If I haven't mentioned it, I want to say that percentages are related to the profit gained off the sale of licenses and not off the gross-price (i.e Tax, Retailer and such). Although I'm not sure how it all works, I believe that even though there will be a retailer' cut somewhere, it will probably be taken from all of us OR from the 30% left that is to give-away for sale.


Thank you.



Share this post


Link to post
Share on other sites
Quote:
because on the Web there isn't much marketing involved.

The Web is ALL about marketing, presentation and seo. To make it even worse, your dealign with people with less of an attention span then the average person who watches 2-4 hours of television a day.

Hear me now, distribution via the web done right can save you a lot of time and money - but do not think this cuts your advertising budget. You should also market it both online and offline. Setting up a team of cold callers to get trial versions or demos out of your software to business leaders will certainly help spread the buzz. Start a blog about your software.

Second, a business oriented person is not someone who gets "stuck in the times", if they don't know about internet marketing (using the internet to their advantage) they are potentially hurting their business.

Instead of direct percentages you should set up "profit sharing" after agreed amounts based on sale volume.

For instance, based on certain levels of sales their are intial payouts to pr, marketing, distributers, owner, and development. Once profits are being made from future sales of the software small percentages are given out to "outsiders" while "insiders" being sharing a larger chunk of it. (Outsourcing is great!)

Just a watered down, simplified explanation of what we do with other companies, and other companies certainly do with us.

Share this post


Link to post
Share on other sites
> the "distributor" wants 60%

There are two ways to look at this; one is through margins and the other one through markups. 1) Profit sharing, where points in the value chain 'share' the rewards of the value to the end customer. This is what we are discussing here. That a distributor wants 60% is not uncommon. In many industries, you'd see 20-30-50 come up often (20% manufacturer, 30% wholesaler, 50% retailer). But in this method, you need to know the price point at the retailer's level. 2) A second method is to sell your product to the wolesaler as a stated price point and you don't care anymore how much profits each segment of the value chain adds up (or 'marks up') to the final price point the end consumer gets. The one control you get over the end consumer price point is through discount coupons you insert into the product's packaging or distribute to the retailer for free; wholesalers and retailers like this because it doesn't change their profits nor the way they need to do POS (Point-Of-Sale) operations. And moreover, people redeem rebate coupons at a rate below 20% on average.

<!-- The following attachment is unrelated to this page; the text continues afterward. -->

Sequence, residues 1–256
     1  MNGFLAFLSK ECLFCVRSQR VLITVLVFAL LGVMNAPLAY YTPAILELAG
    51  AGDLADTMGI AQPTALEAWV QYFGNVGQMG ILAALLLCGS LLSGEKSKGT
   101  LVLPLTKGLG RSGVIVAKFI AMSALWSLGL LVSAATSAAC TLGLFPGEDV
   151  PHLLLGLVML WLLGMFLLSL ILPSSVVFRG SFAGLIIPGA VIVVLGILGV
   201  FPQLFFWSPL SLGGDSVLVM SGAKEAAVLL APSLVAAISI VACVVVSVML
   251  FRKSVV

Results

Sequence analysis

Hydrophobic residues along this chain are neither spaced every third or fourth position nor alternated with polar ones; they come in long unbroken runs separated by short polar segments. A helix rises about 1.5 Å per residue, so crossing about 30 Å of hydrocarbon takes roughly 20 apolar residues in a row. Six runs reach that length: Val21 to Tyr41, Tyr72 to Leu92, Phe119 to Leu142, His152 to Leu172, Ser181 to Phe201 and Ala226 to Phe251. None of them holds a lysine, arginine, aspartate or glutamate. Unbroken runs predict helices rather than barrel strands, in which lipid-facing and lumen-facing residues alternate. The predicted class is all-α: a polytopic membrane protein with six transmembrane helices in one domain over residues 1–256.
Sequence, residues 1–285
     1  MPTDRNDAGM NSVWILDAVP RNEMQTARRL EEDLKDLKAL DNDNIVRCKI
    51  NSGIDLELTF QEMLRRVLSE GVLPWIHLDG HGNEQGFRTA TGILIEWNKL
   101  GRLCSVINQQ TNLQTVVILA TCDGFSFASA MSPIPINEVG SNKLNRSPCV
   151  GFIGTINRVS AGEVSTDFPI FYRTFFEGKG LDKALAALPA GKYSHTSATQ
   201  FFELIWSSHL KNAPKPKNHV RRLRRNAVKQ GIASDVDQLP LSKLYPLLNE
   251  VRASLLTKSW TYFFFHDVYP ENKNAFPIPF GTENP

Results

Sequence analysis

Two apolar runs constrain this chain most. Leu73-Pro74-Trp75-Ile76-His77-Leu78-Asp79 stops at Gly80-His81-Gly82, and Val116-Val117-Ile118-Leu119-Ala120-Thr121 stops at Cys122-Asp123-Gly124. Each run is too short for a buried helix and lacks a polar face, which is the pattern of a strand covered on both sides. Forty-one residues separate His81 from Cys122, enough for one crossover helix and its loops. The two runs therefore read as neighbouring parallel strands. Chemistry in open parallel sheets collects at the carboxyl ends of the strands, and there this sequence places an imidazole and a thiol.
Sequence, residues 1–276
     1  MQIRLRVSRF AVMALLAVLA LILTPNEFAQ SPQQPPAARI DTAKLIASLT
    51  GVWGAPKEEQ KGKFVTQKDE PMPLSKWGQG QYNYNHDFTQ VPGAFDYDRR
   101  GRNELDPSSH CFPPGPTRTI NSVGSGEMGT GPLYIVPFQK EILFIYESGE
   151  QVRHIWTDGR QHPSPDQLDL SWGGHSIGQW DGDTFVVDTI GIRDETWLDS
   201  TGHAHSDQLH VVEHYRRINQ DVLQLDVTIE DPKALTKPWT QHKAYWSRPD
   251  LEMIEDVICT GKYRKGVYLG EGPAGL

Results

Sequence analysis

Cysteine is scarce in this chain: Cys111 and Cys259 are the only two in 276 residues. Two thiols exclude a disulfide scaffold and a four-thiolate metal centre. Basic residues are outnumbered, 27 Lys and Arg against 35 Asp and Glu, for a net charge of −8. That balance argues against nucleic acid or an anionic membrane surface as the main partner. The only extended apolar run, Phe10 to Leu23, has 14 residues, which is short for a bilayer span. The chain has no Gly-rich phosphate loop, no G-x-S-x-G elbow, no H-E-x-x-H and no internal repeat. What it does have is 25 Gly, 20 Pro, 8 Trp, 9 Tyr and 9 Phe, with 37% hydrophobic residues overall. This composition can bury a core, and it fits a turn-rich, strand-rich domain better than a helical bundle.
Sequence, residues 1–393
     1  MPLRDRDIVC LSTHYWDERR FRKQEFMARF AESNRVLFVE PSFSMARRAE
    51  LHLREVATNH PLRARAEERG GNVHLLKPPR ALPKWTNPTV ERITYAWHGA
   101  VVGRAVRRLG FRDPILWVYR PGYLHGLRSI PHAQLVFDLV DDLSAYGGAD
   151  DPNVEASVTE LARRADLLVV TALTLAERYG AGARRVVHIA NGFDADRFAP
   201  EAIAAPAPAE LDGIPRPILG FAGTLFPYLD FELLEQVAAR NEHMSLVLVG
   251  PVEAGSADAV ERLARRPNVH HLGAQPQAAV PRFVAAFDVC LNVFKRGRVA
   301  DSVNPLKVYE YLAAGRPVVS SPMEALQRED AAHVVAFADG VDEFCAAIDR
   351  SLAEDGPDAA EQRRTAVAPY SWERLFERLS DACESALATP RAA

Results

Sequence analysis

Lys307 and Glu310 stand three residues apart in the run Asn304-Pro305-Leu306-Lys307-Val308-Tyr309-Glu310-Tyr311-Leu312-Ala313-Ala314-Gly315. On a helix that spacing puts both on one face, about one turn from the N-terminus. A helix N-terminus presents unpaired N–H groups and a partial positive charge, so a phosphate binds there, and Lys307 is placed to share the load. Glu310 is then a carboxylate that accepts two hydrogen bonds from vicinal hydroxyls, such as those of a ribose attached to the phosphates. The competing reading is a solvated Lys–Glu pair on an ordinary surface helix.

> I deduce that it is a "fair piece" for him/her.
> {...}
> But still, is it still "fair" giving 30% to the person
> who will be doing those things (PR and marketing on the Web)?

Honestly, I can't tell you if it's fair or not in your case. Purchases - and in your case a profit sharing deal - are very emotional decisions, which are justified by arbitrarily chosen metrics.


-cb

[Edited by - cbenoi1 on May 14, 2007 9:50:21 AM]

Share this post


Link to post
Share on other sites
Assuming the software sells, you're lucky to be getting a deal at all. When I have software made it's work-for-hire, which means the programmer doesn't get any royalties or ongoing payment -- just payment up front for hours worked. Fairness isn't a consideration really, it's about market forces.

Share this post


Link to post
Share on other sites
I've got lucky and been offered a "piece of pie" instead of being paid hourly.
I wish to thank all of repliers for useful and up-to-the-point information, it has really helped me to oversee whats the business interactions are in IT environment (since I never been exposed to any :) )


With respect,


Daniel Protopopov

Share this post


Link to post
Share on other sites
Quote:
Original post by Daniel Protopopov
I've got lucky and been offered a "piece of pie" instead of being paid hourly.


That, of course, depends on whether the title/product sells in the first place :) The good thing about work-for-hire is that it's guaranteed cashflow. You're basically trading the potential of this being the next Excel or WoW against the certainty that you'll be able to pay your rent for the next 6 months :)

Allan

Share this post


Link to post
Share on other sites
Sign in to follow this  

  • Advertisement
×

Important Information

By using GameDev.net, you agree to our community Guidelines, Terms of Use, and Privacy Policy.

Participate in the game development conversation and more when you create an account on GameDev.net!

Sign me up!